This one is different too. There is a wonderfully concise history of portrait art covering just half a page. This was long-listed for the Booker Prize. I maintain my doubts about the lead character but Nicholls, once a writer on TV’s Cold Feet, deserves credit. He is not only now an excellent writer of popular fiction. He is producing literature.

13 books that would make the BBC’s Big Read list were it held in 2013

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Ten years have passed since the BBC launched its “Big Read” with the aim of finding the nation’s best loved novel.

The results, drawn from three quarter of million votes, are repeated below. Voters could initially vote for any novel they wanted although the top 21 were then voted for again, on condition that one book per author was permitted for the top 21.

THE ORIGINAL BIG READ TOP 100 (2003)

  1. The Lord of the Rings by J. R. R. Tolkien
  2. Pride and Prejudice by Jane Austen
  3. His Dark Materials by Philip Pullman
  4. The Hitchhiker’s Guide to the Galaxy by Douglas Adams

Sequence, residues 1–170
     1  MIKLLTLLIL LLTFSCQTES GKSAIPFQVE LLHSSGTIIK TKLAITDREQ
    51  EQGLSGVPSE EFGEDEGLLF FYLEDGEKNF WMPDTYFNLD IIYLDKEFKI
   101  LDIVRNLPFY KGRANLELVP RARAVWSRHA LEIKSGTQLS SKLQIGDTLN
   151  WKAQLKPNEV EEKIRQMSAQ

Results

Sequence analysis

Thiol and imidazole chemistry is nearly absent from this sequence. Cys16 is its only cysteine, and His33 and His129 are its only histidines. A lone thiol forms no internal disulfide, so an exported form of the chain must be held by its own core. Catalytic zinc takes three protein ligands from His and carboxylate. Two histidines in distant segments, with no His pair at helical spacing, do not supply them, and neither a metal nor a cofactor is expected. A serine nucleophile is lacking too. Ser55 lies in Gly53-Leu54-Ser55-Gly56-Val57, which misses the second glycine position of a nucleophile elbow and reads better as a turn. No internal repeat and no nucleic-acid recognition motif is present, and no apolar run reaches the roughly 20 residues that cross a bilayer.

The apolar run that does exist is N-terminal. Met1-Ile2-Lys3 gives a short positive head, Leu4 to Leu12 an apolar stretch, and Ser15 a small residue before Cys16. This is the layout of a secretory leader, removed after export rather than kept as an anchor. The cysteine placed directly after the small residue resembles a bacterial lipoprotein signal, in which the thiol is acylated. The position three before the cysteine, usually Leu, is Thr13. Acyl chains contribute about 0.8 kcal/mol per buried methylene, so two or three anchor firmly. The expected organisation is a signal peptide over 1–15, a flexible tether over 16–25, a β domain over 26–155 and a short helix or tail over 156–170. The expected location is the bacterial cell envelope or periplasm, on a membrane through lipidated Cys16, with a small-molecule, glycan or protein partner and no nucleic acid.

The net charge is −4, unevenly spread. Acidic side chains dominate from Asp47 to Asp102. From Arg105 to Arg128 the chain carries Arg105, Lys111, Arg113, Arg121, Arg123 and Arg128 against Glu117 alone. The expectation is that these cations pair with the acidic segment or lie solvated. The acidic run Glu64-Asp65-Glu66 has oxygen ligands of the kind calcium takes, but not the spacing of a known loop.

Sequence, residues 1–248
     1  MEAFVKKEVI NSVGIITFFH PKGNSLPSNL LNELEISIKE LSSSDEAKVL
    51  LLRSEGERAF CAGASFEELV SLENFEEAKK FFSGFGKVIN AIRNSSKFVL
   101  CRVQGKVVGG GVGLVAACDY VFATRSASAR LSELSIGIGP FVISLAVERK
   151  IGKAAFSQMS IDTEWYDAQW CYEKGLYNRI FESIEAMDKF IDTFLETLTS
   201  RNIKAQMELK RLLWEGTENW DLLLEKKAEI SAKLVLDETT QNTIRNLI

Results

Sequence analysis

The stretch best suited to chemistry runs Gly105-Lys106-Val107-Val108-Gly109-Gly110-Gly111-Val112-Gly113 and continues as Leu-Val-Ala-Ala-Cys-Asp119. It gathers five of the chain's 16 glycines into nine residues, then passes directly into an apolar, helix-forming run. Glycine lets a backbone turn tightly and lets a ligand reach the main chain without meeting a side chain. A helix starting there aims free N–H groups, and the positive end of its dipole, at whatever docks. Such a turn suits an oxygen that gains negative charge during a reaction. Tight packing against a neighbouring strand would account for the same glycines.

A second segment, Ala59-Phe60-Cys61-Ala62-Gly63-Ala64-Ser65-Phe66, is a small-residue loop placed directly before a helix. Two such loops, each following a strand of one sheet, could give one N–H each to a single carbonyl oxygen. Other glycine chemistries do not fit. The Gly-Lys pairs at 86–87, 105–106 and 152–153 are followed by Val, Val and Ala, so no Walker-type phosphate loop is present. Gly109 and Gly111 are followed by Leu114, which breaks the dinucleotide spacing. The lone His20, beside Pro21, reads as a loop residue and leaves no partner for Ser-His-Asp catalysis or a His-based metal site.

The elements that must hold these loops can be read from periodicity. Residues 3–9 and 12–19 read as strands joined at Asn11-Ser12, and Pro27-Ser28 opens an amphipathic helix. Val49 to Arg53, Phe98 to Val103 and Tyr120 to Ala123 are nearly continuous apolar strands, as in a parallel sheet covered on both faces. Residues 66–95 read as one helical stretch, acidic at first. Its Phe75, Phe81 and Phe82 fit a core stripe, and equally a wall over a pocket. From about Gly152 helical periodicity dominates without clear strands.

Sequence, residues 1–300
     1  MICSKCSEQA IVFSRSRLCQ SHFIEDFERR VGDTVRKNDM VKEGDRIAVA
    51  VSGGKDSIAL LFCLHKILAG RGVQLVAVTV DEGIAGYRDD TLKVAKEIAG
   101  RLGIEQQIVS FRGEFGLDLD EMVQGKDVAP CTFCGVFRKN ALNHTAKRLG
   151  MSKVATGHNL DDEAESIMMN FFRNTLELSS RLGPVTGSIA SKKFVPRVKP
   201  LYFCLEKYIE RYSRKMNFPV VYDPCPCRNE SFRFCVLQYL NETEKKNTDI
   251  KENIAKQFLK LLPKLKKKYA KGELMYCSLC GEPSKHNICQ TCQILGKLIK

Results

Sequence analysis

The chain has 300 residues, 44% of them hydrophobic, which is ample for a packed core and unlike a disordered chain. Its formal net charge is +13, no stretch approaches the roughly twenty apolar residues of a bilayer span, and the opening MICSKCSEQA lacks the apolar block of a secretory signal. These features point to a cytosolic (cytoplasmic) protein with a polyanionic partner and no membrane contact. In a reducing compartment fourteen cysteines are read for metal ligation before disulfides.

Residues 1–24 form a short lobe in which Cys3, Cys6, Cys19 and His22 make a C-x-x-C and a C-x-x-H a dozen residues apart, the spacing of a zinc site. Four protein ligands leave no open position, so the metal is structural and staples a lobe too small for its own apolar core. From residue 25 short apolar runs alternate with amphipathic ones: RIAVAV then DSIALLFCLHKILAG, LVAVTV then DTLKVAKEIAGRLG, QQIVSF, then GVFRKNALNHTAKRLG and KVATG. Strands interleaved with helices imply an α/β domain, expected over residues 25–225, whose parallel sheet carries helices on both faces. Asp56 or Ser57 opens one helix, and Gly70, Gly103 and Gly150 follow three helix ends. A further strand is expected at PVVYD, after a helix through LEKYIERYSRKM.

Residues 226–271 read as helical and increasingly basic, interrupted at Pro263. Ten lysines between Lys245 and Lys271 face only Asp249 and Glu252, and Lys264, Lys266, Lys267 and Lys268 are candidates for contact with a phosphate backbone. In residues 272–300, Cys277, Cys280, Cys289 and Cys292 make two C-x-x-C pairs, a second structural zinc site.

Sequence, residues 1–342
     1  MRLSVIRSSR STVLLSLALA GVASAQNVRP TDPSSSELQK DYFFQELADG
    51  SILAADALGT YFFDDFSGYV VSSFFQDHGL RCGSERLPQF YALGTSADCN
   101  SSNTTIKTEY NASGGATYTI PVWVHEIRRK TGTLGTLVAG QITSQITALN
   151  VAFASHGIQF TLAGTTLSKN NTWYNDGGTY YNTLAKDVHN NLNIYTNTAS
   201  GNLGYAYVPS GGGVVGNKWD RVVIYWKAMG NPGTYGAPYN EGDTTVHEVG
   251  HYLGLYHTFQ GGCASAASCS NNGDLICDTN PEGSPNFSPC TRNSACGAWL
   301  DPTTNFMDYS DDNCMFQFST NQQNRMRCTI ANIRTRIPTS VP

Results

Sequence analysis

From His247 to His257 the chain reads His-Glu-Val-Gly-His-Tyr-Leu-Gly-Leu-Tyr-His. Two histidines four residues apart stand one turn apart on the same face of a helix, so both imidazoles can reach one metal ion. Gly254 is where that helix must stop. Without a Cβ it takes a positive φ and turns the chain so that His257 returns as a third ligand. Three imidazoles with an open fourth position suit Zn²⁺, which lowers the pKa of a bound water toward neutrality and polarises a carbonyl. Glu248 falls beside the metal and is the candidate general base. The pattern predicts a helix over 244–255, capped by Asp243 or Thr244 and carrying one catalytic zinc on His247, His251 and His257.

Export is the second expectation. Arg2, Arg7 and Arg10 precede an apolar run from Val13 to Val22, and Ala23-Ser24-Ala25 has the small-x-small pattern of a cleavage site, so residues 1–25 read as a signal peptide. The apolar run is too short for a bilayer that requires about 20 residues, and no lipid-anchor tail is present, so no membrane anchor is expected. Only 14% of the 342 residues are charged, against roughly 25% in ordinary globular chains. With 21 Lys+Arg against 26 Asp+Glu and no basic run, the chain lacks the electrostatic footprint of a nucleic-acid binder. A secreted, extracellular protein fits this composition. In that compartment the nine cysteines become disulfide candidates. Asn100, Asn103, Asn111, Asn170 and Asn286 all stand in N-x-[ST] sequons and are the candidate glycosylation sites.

5. Harry Potter and the Goblet of Fire by J. K. Rowling
  6. To Kill a Mockingbird by Harper Lee
  7. Winnie-the-Pooh by A. A. Milne
  8. Nineteen Eighty-Four by George Orwell
  9. The Lion, the Witch and the Wardrobe by C. S. Lewis
  10. Jane Eyre by Charlotte Brontë
  11. Catch-22 by Joseph Heller
  12. Wuthering Heights by Emily Brontë
  13. Birdsong by Sebastian Faulks
  14. Rebecca by Daphne du Maurier
  15. The Catcher in the Rye by J. D. Salinger
  16. The Wind in the Willows by Kenneth Grahame
  17. Great Expectations by Charles Dickens
  18. Little Women by Louisa May Alcott
  19. Captain Corelli’s Mandolin by Louis de Bernières
  20. War and Peace by Leo Tolstoy
  21. Gone with the Wind by Margaret Mitchell
  22. Harry Potter and the Philosopher’s Stone by J. K. Rowling
  23. Harry Potter and the Chamber of Secrets by J. K. Rowling
  24. Harry Potter and the Prisoner of Azkaban by J. K. Rowling
  25. The Hobbit by J. R. R. Tolkien
  26. Tess of the d’Urbervilles by Thomas Hardy
  27. Middlemarch by George Eliot
  28. A Prayer for Owen Meany by John Irving